In a blog post, he predicted that all newspapers would soon charge for access to their websites, but also asked readers to send him their views.
The Argus is owned by Newsquest whose US parent firm Gannett has increased the number of newspaper sites with paywalls from six to 78 over the past year.
National dailies the Daily Telegraph and The Sun announced earlier this year that they would adopt the metered-paywall approach of the New York Times, which allows readers a certain number of free stories before being required to pay.
Kevin said he believed arguments against paywalls which claim readers will simply go elsewhere for their news did not apply to local papers.
“At some point in the not-too-distant future I believe all newspapers will charge for access to their websites,” he said
In his blog post, Kevin asked Argus readers to get in touch with him directly to tell him whether they would be willing to pay for their local news, and if not, why not.
He said: “There is a cost to producing news. Therefore it must have a value. That is basic economics.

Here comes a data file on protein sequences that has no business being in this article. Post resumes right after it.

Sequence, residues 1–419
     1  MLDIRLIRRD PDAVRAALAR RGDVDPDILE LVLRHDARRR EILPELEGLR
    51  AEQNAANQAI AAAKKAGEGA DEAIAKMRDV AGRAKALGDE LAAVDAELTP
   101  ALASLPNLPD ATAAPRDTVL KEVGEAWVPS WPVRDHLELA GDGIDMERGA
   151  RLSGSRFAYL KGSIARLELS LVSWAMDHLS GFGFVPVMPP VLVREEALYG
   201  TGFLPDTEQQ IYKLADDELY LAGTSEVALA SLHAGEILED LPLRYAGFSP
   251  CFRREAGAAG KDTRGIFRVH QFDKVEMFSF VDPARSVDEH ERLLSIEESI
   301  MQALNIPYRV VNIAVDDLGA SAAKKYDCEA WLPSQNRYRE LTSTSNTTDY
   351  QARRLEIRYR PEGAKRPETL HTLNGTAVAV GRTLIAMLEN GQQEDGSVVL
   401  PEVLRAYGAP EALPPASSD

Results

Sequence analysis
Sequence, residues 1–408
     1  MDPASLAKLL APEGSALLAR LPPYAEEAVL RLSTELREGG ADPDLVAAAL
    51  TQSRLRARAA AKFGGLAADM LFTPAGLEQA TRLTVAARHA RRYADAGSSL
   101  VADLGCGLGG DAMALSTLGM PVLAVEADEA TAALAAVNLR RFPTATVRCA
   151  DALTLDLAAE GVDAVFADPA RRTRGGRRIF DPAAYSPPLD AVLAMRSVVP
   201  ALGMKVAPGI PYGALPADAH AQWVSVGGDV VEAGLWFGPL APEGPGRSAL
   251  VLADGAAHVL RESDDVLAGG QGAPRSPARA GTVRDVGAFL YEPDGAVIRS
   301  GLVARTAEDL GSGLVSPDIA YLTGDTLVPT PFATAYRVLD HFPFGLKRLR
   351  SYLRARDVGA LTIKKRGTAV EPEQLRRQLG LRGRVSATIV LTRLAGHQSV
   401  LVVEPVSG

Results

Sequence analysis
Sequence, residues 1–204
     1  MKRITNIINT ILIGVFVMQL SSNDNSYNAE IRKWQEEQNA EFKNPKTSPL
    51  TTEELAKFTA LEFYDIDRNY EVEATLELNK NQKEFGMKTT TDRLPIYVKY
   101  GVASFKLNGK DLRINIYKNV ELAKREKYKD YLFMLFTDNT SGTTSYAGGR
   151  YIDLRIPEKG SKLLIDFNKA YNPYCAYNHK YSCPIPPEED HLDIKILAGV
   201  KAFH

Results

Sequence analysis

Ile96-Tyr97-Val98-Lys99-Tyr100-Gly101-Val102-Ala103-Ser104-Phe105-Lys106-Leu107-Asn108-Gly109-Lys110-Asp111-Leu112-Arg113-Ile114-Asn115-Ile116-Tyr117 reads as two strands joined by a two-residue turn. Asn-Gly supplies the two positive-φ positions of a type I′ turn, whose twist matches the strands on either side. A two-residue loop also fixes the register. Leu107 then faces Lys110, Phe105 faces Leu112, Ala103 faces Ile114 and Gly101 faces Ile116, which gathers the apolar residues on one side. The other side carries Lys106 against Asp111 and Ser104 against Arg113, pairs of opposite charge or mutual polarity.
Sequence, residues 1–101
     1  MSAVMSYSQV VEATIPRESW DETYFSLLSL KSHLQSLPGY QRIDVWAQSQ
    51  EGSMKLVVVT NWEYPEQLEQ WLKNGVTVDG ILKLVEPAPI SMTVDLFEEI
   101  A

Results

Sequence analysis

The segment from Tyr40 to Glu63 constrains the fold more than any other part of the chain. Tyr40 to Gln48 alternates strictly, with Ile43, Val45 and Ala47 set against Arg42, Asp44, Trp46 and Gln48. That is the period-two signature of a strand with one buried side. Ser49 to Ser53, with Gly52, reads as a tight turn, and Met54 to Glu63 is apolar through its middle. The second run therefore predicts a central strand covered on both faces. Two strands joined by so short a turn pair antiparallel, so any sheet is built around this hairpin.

“Who else produces local news about the area covered by the Argus? Who else produces what the Swansea Evening Post does, or the Wrexham Evening Leader?”
“If you spend money on producing something – whether that be news or nuts and bolts – and if there is a demand for it then it should have a price.
“There is no doubt in my mind that the current business model for newspapers, like the Argus, that allow free access to the bulk of their editorial content online is unsustainable in the long term.
“How can we continue to charge readers for a printed copy of our newspaper but allow them to read much of its content for free online?”
Speaking at the Society of Editors’ Regional Conference in the West Midlands earlier this week, Robin told industry leaders that newspapers could not continue giving content away online for free.
He said while he had not decided when a paywall would be introduced at his titles, he was “fairly certain” it would happen.